SILETZ, Ore. (KOIN 6) — About eight miles from the Pacific Ocean sits the city of Siletz, with a population around 1200 — and no police force.
The residents of Siletz were given a survey and asked if they were willing to pay for police coverage. Despite an overwhelming majority of respondents who said yes, the city council didn’t share the results, did not put it on the ballot and opted to lose its police patrols.
Between January and March 2014, Toledo police — at one time contracted to provide coverage for Siletz — responded to 552 calls, a number that indicates dense crime to police.
“There’s no such thing as a small call in Siletz,” said Toledo PD Detective Tom Harrison. He added crime victims are often targeted for coming forward.
“(There is) a lot of retaliation on people who do report and follow through, which has come at a heavy price.”
Residents in this rural community feel isolated and abandoned. They said drugs and crime have taken over in the absence of law enforcement.
“We’re forgotten. We’re not even a town,” resident Casey Madrid told KOIN 6 News. “If you need help, to call somebody there’s not going to be anybody. There’s not going to be anybody at all.”
Resident Debra Eddings said, “We have no law enforcement and so now people are taking the law into their own hands, and it’s scary walking the streets.”
Sydnie Hicks said she doesn’t feel safe in her home. “I have to be careful what I say because I don’t want danger to come to me or my family.”
Contracted police work
For seven years, the Confederated Tribes of Siletz Indians had been paying the full $350,000 contract for three Toledo police officers to patrol Siletz. Then it was reduced to two officers and the tribe asked the Siletz City Council to pay a portion after the tribe lost federal funding.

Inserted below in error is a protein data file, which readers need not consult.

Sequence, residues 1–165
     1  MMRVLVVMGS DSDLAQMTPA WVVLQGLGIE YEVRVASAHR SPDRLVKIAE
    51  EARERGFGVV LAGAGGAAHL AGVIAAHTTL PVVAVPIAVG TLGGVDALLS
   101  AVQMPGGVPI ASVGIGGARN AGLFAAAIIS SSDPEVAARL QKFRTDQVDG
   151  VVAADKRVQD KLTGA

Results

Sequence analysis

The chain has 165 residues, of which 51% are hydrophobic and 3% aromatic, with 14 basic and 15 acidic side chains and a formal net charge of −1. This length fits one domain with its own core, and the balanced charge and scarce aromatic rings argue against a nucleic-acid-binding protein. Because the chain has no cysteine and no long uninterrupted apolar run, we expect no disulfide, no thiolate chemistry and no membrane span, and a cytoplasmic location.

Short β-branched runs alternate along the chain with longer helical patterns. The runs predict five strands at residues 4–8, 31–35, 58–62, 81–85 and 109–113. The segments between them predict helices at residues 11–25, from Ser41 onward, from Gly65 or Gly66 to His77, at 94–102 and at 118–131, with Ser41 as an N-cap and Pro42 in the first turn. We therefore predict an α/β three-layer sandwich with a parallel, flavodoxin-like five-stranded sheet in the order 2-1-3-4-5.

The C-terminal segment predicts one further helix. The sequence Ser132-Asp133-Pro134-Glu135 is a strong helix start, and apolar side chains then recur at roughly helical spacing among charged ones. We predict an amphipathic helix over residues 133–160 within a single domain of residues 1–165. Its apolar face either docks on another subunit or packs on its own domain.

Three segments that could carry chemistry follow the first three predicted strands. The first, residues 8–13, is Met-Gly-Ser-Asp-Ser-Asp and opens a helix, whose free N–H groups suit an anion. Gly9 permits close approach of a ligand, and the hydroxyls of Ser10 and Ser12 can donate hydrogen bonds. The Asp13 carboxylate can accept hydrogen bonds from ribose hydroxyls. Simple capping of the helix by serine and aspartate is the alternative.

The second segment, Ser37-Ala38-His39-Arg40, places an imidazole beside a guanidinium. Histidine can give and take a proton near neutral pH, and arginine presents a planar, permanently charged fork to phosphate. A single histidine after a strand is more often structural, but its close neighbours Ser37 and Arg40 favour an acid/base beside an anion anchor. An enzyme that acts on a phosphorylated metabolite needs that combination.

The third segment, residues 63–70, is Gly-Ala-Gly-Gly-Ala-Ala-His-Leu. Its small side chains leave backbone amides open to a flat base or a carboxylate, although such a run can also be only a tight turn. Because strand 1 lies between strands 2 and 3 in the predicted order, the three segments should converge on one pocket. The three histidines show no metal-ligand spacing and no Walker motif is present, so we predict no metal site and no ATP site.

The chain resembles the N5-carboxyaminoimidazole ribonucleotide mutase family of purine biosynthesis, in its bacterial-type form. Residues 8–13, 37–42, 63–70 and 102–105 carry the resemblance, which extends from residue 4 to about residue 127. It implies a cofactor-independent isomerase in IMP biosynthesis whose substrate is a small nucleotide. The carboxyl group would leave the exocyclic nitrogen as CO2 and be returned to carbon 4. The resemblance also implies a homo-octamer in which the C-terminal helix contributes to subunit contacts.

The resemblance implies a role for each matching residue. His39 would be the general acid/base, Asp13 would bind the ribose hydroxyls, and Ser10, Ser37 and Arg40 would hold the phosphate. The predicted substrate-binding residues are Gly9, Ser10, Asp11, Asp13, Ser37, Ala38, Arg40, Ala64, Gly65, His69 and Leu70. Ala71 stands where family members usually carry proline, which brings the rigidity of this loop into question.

That’s when the city council sent out a survey asking residents if they were willing to pay for police service.
A total of 109 residents responded. Of those, 77 were willing to pay and 24 were not. Of 121 non-city citizens surveyed, 89 said yes, 19 said no.
“The results of the survey the council determined they would not put out to a vote for a levy or do any additional funding for the contract,” said Wes Chadwick, an attorney for the City of Siletz.
Chadwick confirmed the results of the survey showed people in favor of paying.
But Mayor John Robinson told KOIN 6 News, “People just weren’t willing to pay.” Asked about the survey results, he said, “I looked them over and we all agreed that was the case.”
Toledo PD Chief David Enyeart said, “I think it has something to do with finances. It would have cost them money to put it on the ballot.”
Since Siletz voters were not given the option, the Lincoln County Sheriff’s Office was forced to take over calls for the service to the city – even though they did not get any more deputies.
Lincoln County Sheriff’s Lt. Curtis Landers said they cover a total of 992 square miles with three deputies, leaving each deputy to cover about 330 square miles “if you average it out.”
“To get an extra six deputies would be ideal,” he said. “Right now, we don’t even have 24/7 coverage. There’s no secret there’s no deputies between 3 and 7 in the morning.”
Toledo’s chief Enyeart said Siletz “had several stabbings within a week,” an example of the dramatic increase in violent crime since March.
Response times to Siletz calls for help are also up.
“If we have to drive a half hour to a call, you can see how that adds up,” Landers said.
One 911 call obtained by KOIN 6 News detailed an assault victim who locked himself in the back room of an apartment to get away from his attacker. He called 911 repeatedly, called his mother to have her call 911 and grew more upset as time passed.
Toledo police officer Aaron Pitcher was only allowed to respond because it was considered a life-and-death situation. It took him 25 minutes.
In the past eight months, Toledo police have been called often to Siletz on those calls — “since March, 114 times,” Harrison said.
“For response to get out here takes forever,” resident Sydnie Hicks said. “It’s very frightening.”
“It’s scary,” said resident Casey Madrid. “It’s actually really scary.”
Mayor Robinson doesn’t disagree with the statement that some people are literally afraid for their lives.
“What can I do?” he said.
Robinson said the city council now sees they need police patrolling the city. They will try to have a special election in May 2015 with a tax levy on the ballot.